In order to receive NSF approval for food service, coatings must go through a thorough series of tests. In this blog post we'll discuss how a coating is evaluated for food service.
How to Evaluate a Coating for Food Service
Coatings like Dursan have been tested to NSF International food service standards and have been found to meet the NSF criteria. Let's discuss the standard and test criteria needed to achieve NSF and FDA compliance.
In this blog post you will learn:
First off if you're evaluating a component that is coated, the standard requires the entire component, not just the coating must be compliant. A coating applied over a non compliant component material will not suddenly make the underlying material compliant. So there's no glossing over compliance.
About NSF and FDA Compliance. Do Silicon Coatings Meet Industry Standards?
The United States Food and Drug administration (FDA) does not formally "approve" coatings or other materials for food or bio/pharmaceutical contact. Rather, the FDA regulates coatings via the Code of Federal Regulations (CFR), specifically 21 CFR 175.300 which lists what raw materials are acceptable and unacceptable for the formulation of coatings. It is then up to the coating supplier to self-regulate to ensure that they are using raw materials that are acceptable.
According to the FDA, a coating must:
1) Pass the solvent extraction tests listed in 21 CFR 175.300.
2) Contain no heavy metals.
3) All coating components must conform to the materials listed by the FDA in order to be compliant.
These stipulations are also required for NSF/ANSI 51 certification. Dursan® successfully meets these requirements and is therefore FDA compliant.
The review and compliance process for coatings in food service involves the following:
Submission of the coating to be tested.
This involves a review of the coating process and coating formulation. This allows NSF to classify the coating type and establish the test criteria for that particular coating.
Testing criteria is finalized per NSF/ANSI 51 - 2017.
The intent of the standard is to establish a baseline or minimum protection and sanitation requirement for materials utilized in commercial food equipment. The standard tests for material corrosion resistance, abrasion, heat tolerance, impact resistance, cleanability, and adhesion as they apply to the particular coating material. The overall concern is to assure food safety by setting criteria that will minimize the potential for leaching or exposure to substances that can have a negative effect on food quality.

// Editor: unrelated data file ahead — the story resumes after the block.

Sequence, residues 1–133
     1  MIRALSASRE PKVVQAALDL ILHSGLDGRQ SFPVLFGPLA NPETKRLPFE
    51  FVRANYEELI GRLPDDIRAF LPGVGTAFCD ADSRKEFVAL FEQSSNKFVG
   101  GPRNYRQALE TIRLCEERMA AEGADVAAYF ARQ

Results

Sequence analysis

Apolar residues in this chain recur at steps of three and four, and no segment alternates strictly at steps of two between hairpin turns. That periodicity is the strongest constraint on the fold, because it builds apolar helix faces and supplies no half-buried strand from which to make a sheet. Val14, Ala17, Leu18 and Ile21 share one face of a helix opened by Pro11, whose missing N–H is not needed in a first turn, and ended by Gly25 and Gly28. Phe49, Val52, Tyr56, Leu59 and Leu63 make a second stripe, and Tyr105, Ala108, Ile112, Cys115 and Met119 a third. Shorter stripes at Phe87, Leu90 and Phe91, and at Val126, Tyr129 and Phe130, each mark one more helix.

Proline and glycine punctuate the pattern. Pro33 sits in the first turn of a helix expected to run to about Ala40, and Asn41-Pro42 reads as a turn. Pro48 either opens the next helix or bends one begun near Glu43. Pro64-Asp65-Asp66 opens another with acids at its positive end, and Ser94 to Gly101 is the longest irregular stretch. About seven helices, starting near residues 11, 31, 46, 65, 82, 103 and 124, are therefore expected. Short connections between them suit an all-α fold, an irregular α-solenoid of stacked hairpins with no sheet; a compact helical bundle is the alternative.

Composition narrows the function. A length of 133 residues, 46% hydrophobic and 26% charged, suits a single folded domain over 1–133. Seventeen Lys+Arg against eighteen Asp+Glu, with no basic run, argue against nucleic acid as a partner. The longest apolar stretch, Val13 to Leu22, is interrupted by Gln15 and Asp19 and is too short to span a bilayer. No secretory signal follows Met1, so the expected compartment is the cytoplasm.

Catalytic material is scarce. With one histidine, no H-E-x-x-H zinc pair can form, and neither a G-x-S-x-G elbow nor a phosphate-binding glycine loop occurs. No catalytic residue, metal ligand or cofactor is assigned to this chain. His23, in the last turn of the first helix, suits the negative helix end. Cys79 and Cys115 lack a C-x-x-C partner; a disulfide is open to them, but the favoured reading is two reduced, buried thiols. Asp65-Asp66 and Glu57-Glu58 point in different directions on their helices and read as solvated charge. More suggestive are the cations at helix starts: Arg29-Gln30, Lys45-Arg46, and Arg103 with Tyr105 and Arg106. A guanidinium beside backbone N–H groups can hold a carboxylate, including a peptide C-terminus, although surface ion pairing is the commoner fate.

Testing is determined by the coating classification. Tests may include:
Test samples are loaded into an abrasion machine. Test wheels (applying over 4 lb of pressure) roll over the surface for 500 to 1000 wear cycles (depending on coating classification). The before and after sample mass is measured and compared. Total loss for a test sample cannot exceed 100mg and the coating must remain intact without base coat or underlying surface exposure. SilcoTek coatings are bonded to the surface by chemical vapor deposition. There is no base coat to complicate the integrity of the coating surface bond. Read about our abrasion resistance test.
Samples are washed with a non-ionic detergent at about 162F. Synthetic lard is then applied to areas of the sample and then cleaned in a washing machine. Remaining soil is measured by a beta radiation counting system. Acceptance criteria for food service is 30ug for the control zone tested.
Samples are subjected to ASTM B117 salt fog testing for 192 hours. Samples are then cleaned with water and air dried. Samples are then examined for evidence of corrosion. SilcoTek coatings like Dursan can withstand salt spray exposure for over 4000 hours with minimal to no corrosion. Here's what our Silcolloy® and Dursan® coatings look like after 4000 hours of salt spray exposure.
Samples are heated to 400F for 30 minutes. A heated washer is then placed on the surface. The sample and washer are allowed to cool to room temperature. After cooling the surface is tilted to 45 degrees. The washer should slide off the surface and the coating should not blister or be damaged. SilcoTek coatings offer superior heat resistance. Watch our heat resistance demonstration to learn more.
Test samples are tested per ASTM D3359 method B. After testing, the sample should remain smooth and intact. Samples are classified per ASTM D3359 5B.
Organic coatings undergo a different test criteria. The samples are scored and conditioned in a hot water bath for 4 hours. After removal from the bath and drying, a pull tab is applied to the surface using a cyanoacrylate adhesive. After drying, a load of 500psi is applied to the tab in a tensile test system. The coating should remain intact during the test and remain attached to the surface.
The coating surface is evaluated according to ASTM D2794. The surface is impacted with a 1/2 in diameter 2 lb weight for a total impact force of 60 in-lbs. For organic coatings, the sample is tested by dropping a 0.15lb steel ball from a high of 200 inches. Glass coatings get tested by dropping a lighter ball for a shorter distance.
After impact the sample is inspected for damage. The surface cannot peel, chip or crack.
SilcoTek's wear, corrosion, and adhesion testing completed in past evaluations are more rigorous, but needless to say the NSF testing can be a challenge to pass. Especially for organic coatings.
Read our NSF certificate.
If you have questions about our coatings or coating performance in your application, contact our experts or follow us on LinkedIn, or go to our FAQ page.